Here's How to Frame Up Your Interviews So They Don't Suck

Expand your composition techniques with these great tips. 

Breaking Bad was known for its creative framing and camera moves thanks in large part to cinematographer Michael Slovis. Any opportunity he had to position the camera in a unique and interesting place, he would.

When it comes to interviews, you may not always have the same luxury. Sometimes you have to react quickly, relying on traditional setups rather than creative fluidity. 

No Film School has broken down how to light interviews, get gorgeous shots in hideous locations, and how to get the best out of an interview. Now let's add some fresh flavor to your interview framing repertoire. Here are ten angles to get under your belt from DIYPhotography, and we'll highlight our favorites after the jump. 

Foreground Elements

Adding elements to the frame is a great way to add punch to a lackluster shot, as it gives it a sense of space. Just be sure any foreground or background elements do not distract from the subject. You don't want the audience to be memorized by a lava lamp bubbling behind them. You want them to concentrate on the story.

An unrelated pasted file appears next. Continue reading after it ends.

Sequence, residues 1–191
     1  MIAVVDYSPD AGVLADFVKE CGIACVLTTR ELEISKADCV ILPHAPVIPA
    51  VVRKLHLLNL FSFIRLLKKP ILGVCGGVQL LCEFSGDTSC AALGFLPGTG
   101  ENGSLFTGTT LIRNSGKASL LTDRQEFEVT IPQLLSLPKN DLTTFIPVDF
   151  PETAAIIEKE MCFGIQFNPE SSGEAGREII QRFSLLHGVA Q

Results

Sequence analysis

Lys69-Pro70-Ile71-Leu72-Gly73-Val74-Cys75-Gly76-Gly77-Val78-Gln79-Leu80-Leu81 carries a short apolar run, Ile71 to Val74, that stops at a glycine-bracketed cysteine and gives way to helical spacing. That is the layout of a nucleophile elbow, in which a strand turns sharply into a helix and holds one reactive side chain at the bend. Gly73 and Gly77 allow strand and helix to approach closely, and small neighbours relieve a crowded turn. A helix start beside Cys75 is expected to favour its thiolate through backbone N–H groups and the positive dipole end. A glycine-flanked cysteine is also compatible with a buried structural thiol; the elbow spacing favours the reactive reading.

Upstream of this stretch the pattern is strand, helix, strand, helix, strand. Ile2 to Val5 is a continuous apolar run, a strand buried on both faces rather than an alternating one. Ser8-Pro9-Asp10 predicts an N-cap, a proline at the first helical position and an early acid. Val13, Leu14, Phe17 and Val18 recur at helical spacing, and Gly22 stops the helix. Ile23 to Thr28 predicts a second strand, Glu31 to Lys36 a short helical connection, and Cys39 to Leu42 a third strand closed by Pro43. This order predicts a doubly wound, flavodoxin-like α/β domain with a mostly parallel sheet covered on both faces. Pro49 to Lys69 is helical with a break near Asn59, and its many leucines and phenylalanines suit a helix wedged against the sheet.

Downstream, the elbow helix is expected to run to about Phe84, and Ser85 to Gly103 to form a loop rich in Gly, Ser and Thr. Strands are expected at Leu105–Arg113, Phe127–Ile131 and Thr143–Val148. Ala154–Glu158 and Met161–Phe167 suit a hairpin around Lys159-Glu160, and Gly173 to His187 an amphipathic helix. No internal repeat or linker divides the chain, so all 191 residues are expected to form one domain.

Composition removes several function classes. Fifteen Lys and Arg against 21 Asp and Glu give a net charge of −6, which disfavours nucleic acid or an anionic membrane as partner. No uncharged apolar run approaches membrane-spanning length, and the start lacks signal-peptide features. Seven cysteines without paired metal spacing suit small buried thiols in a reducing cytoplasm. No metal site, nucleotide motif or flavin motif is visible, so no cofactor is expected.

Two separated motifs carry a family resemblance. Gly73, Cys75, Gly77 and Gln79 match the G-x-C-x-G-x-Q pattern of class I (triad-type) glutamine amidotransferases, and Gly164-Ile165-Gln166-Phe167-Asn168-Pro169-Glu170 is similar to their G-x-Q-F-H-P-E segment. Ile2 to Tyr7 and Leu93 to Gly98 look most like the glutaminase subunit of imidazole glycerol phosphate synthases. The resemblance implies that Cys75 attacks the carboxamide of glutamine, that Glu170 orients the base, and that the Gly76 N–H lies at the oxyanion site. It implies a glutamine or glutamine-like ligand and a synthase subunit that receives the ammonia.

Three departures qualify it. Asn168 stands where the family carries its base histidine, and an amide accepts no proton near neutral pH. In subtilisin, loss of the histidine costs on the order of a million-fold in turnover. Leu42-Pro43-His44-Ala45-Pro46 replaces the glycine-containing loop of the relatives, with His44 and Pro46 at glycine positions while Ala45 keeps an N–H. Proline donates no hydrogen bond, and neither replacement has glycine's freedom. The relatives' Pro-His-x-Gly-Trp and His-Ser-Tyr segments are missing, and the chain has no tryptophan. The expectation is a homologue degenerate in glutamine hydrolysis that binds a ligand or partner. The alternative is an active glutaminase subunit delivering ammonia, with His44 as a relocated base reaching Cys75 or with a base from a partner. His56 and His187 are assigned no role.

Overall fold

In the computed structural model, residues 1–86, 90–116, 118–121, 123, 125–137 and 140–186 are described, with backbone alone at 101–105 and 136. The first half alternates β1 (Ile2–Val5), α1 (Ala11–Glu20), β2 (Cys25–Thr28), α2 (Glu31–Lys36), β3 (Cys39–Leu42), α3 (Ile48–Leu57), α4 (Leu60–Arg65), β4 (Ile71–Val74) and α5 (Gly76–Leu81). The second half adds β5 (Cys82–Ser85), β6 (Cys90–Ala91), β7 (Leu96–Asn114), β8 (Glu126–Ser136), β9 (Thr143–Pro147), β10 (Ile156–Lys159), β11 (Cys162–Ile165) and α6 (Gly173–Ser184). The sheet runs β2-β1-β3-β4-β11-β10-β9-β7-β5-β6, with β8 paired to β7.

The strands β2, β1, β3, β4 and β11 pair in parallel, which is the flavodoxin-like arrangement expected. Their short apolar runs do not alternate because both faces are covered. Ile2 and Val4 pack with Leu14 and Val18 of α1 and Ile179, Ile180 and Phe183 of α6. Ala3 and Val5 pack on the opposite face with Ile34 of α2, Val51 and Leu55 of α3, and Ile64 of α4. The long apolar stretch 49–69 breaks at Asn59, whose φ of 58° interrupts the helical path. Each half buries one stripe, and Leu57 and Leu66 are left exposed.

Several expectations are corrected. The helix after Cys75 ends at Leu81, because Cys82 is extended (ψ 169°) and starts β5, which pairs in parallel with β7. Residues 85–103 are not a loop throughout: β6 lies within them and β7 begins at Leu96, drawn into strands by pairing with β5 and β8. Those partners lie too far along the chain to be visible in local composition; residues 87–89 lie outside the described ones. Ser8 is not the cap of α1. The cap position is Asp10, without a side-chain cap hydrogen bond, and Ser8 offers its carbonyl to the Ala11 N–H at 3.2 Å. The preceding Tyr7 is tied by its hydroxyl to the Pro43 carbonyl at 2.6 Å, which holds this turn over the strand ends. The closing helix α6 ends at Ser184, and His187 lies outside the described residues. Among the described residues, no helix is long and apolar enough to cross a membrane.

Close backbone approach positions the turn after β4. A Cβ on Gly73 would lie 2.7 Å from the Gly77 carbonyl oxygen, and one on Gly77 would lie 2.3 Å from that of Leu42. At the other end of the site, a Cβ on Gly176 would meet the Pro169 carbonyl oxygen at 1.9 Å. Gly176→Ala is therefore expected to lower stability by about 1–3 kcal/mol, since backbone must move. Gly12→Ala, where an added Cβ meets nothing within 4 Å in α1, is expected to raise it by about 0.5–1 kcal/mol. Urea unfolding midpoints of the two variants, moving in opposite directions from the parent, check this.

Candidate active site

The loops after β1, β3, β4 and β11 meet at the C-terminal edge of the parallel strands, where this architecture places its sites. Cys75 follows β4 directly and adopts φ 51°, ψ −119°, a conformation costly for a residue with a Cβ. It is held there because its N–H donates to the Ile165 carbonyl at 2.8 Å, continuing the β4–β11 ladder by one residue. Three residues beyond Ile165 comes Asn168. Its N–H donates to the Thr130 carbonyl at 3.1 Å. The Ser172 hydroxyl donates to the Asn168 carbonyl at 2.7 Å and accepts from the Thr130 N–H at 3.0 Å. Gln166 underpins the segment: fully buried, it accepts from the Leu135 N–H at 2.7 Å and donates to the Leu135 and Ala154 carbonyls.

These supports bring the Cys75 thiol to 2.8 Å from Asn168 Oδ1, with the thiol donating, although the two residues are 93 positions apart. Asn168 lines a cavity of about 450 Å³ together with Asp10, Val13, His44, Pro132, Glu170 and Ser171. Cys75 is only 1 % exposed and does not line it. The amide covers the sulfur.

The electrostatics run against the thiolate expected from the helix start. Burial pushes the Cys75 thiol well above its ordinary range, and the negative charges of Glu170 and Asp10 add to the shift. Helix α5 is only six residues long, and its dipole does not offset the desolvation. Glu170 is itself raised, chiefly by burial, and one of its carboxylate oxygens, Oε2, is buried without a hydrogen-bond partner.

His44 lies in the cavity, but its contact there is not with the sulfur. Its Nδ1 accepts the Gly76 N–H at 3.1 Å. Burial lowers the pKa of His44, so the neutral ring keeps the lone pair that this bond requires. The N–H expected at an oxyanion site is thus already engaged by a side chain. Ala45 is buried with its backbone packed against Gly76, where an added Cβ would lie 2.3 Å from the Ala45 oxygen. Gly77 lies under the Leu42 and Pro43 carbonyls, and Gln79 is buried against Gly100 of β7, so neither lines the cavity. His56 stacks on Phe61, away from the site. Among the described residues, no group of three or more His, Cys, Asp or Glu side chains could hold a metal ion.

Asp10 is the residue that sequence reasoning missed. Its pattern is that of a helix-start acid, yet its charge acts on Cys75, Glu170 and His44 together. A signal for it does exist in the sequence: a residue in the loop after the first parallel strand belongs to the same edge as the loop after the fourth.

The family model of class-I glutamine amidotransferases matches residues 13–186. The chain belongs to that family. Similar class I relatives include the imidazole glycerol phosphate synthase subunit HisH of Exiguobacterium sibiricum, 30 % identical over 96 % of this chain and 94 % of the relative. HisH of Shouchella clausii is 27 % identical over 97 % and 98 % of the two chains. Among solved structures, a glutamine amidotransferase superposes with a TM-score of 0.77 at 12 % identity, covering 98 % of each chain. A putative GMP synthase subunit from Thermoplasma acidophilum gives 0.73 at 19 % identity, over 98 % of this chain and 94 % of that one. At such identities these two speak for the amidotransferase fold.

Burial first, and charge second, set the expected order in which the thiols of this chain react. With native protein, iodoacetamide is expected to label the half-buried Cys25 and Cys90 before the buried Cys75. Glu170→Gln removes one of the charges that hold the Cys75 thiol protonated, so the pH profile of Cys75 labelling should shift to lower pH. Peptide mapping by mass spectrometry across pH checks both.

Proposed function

Stagnate objects are always better, and be sure the color doesn't distract from the subject or blend too much with their wardrobe. Or you can try using images or color that subliminally add to the story. 

Looking Directly Into Camera

When a subject looks directly into the camera lens, it invokes a certain emotion with the viewer. It connects them directly to the talent and it can seem very unnerving to some. That said, it's important to understand why and when you should use the technique.

It's different than breaking the fourth wall and is generally used to heighten the emotion as it invites the viewer into the space. When you do use the technique, we suggest framing a second shot to give an option in post. 

From Behind 

This is another way to add tension to a scene. When you don't see a subject's face it can add curiosity or uncertainty to the moment. Comedy movies do this a lot when there's a cameo.

Remember when Will Ferrell made his entrance in Wedding Crashers? We see his shadow before we saw his face. It piques interest, adding wonderment to the moment. Then, pop, he walks into frame, and you're freaking smiling. "Ma, get the meatloaf!"

You can do the same with interviews. Just be aware of the 180° rule when you're shooting, and the fact it can make the audience distrust the talent if it's used too much. 

What are some of your favorite techniques to use shooting interviews? Tell the No Film School community below.      

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